Julia Hughes - writing thrilling adventures - time after time after time.
Next year marks the cententary of the Titanic's maiden voyage, and interest in this tragic event shows no sign of abating. Nor should it. All human frailities and strengths are here: Pilgrims who dared to dream of a better life, placing their trust in the hands of men who were foolish enough to tempt the gods by boasting about the ship which was unsinkable.
When I needed a pivotal moment in recent history for my novel the fate of the Titanic seemed an obvious choice. The ship which sailed carrying a thousand hopes and dreams which were so cruelly dashed in that brave new century has entered legend. A metophor almost: No matter how high we build, how fast we travel, or what luxuries we chose to wrap around ourselves, against the forces of Mother Nature, we are as insignificant as the lowest parasitic insect. We're no different to any other form of life existing on this beautiful eden which can sometimes be so savage.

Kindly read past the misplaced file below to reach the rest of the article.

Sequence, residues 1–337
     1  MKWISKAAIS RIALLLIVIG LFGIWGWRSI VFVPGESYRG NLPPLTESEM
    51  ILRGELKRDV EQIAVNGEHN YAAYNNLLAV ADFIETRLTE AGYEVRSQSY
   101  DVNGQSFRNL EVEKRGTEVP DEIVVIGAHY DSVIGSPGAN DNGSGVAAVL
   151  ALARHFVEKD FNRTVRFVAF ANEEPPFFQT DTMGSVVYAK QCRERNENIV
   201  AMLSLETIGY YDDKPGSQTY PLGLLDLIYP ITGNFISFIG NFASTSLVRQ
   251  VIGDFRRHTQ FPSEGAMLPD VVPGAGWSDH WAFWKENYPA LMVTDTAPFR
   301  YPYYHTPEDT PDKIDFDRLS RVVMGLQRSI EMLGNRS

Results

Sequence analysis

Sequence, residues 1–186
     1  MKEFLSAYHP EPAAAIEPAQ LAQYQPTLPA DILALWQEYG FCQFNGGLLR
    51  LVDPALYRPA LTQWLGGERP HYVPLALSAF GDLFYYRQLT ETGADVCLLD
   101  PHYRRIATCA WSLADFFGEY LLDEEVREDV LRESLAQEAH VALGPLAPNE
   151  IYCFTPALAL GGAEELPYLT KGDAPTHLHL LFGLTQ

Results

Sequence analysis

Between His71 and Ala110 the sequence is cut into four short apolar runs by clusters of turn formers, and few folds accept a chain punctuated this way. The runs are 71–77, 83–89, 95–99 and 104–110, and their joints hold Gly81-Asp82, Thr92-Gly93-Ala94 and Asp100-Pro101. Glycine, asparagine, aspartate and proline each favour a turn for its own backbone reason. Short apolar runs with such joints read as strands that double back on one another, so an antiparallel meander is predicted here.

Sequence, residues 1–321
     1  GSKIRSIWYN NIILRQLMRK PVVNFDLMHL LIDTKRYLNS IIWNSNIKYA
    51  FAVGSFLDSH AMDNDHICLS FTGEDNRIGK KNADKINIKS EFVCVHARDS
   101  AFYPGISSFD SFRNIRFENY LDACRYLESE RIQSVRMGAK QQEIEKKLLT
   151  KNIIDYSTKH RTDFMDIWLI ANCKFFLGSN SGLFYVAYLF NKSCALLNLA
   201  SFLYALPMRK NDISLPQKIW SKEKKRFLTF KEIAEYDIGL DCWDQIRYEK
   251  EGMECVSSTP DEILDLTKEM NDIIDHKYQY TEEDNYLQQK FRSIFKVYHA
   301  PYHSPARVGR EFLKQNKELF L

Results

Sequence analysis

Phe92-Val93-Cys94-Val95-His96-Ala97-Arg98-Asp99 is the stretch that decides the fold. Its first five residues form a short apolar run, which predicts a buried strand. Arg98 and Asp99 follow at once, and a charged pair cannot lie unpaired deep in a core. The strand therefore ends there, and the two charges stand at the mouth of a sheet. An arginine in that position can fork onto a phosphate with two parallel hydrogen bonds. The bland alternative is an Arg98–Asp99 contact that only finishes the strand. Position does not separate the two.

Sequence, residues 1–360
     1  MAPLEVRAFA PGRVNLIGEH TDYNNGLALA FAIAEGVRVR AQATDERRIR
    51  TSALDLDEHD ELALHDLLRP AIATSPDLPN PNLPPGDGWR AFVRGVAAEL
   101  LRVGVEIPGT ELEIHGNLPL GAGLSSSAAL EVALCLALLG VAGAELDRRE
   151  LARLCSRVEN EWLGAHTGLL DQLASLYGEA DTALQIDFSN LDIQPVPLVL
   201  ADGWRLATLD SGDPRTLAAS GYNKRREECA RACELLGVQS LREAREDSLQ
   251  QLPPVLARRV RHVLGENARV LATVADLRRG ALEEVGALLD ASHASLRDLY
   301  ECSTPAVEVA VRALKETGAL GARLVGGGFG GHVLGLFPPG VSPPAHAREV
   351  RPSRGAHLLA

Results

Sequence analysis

Except this life form likes to rationalise. If we can't rationalise, we tell each other stories. And what stories we tell, about the ship of dreams. As I discovered during research (yes I went there!) because there were two immediate enquiries into the tragedy, a wealth of immediate eye witness accounts is already in the public domain. Being human of course, it's all too easy for us to imagine what thoughts ran through the survivors' minds, and those who lost their lives. Being human, we began to weave whole new events and characters into an already packed drama. Books films and now websites featuring the Titanic are as many and varied as the passengers themselves.
A Ripple in Time is only one of many, my characters are fictional of course - time travel isn't really possible! But the events they experience on board the Titanic are closely based on fact: What actually happened on that fateful day reverberates with more passion and emotion than any fictional work could hope to capture. To Rhyllann's horror, Wren explains how events unfold as though he's recounting a history lesson.
Perhaps that is the Titanic's greatest legacy: A warning from history never to underestimate nature's power.
A Ripple in Time is available in ebook format - try a sample now:
Or click here to visit Titanic Memoirsto add your favourite book, film or website featuring the Titanic, and see what others have recommended.
Wren Prenderson; "A Ripple in Time" best hero.
"The Griffin Cryer" best Urban Fantasy. Thank you to the hard working judges and everyone who voted at the eFestival of Words, organised by Julie Dawson, of Bards & Sages.
A Raucous Time, A Ripple in Time, and The Griffin Cryer. Thank you to Julie and her hard working panel of judges and reviewers.
Follow on Twitter